Inspired Cityscapes The Artist Who Followed Her Heart
We are all creatures of habit and comforts. Most of us abhor change as it brings unpredictability and disrupts our rhythm. Life is all about settling down in a stable job. Paychecks become a part of life and we just cannot imagine the emotional shift from living on regularly deposited income. And, when the going is good we want more of the good. This is particularly true of new age careers in information technology where money, prestige, travel and other perks combine to make us hamsters stuck in a wheel.
Very few have the courage (and perhaps the skills) to seek alternate paths, that too from a career in technology to being a full-time artist. Spoorthy Murali is one of few who decided to take the leap. In 2012, she gave up a promising career built on top of a master’s degree in engineering. Spoorthy (which means Inspiration in multiple Indian languages including Kannada) had no formal training in arts but made up for that through passion and determination.
Spoorthy’s work spans illustrations for authors, pencil sketches, watercolour paintings and wall art for businesses. Amongst these, she is most prolific in watercolour paintings that cover urban landscapes, heritage buildings, historic landmarks and automobiles.
She has captured Bengaluru in her own impressionistic style with artwork that is vibrant and spontaneous. Impressionism is an artistic style developed by Claude Monet, that captures the feeling and emotions of an artist rather than accurate and realistic depiction of a scene. This style developed in France during the nineteenth century is generally used for outdoor paintings typically done on the spot. It is obviously focused on landscapes and other scenes of everyday life.
What is notable in her work on Bengaluru is that the scenes are very minimal but bursting with colour even in its simplicity. The colours are smooth, spontaneous and bring a sense of joy to the viewer. Whether it is a historic landmark such as Lalbagh Glass House or an unremarkable scene of autorickshaws, the colours are transparent and glow brightly. The brushstrokes speak for themselves as painter Toby Haynes once remarked “You don’t set down a watercolour wash – you release it: the paint has a say in the result”.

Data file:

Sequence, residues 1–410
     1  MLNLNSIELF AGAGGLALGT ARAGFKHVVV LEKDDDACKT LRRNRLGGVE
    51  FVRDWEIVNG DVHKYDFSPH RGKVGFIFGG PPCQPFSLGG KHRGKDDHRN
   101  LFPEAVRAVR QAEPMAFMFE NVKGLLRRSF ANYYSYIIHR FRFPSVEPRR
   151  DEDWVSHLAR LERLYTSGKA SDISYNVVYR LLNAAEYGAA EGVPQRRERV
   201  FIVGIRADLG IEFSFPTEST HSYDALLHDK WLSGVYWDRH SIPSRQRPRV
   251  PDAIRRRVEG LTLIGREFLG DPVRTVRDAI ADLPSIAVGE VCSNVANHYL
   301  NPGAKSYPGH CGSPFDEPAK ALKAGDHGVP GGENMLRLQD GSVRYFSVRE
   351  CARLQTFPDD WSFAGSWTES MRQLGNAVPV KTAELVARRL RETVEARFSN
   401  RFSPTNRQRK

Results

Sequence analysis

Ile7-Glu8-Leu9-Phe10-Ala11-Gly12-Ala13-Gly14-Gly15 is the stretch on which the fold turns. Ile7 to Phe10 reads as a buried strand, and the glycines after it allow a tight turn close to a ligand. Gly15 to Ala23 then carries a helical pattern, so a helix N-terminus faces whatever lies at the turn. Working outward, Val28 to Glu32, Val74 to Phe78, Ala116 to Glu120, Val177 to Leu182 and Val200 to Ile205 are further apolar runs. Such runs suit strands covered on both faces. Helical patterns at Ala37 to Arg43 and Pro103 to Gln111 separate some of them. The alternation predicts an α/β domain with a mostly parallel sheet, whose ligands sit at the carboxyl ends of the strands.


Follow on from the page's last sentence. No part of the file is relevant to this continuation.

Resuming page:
Most of us have seen the Bengaluru landmarks that she has painted or sketched, but she makes all of them look like they were freshly dusted and washed by Mother Nature. It is perhaps a reflection of the longing in all of us for the Bengaluru we truly wish to see.
Click on each image above for a larger view
Artwork © Spoorthy Murali
In Her Own Words
Spoorthy Murali has worked with Watercolours, Acrylic and Charcoal media. The translucency and fluidity of Watercolours have always allured her and got her to experiment on different subjects in this medium. Her plein air (means out of doors and refers to the practice of painting entire finished pictures out of doors) paintings of Bengaluru, rustic Hampi series paintings, rusty Vintage Automobile series, paintings of busy Bengaluru’s lost Sparrows, paintings of languid elephants of the wild, paintings of forests and vibrant people portrayal have been very well received at various forums in India and across 12 countries overseas.
Spoorthy has participated in several group and solo art shows. Her artworks have been sought by celebrities and businesses. She is recipient of numerous awards including the recent MSME Women Entrepreneur Award (2020).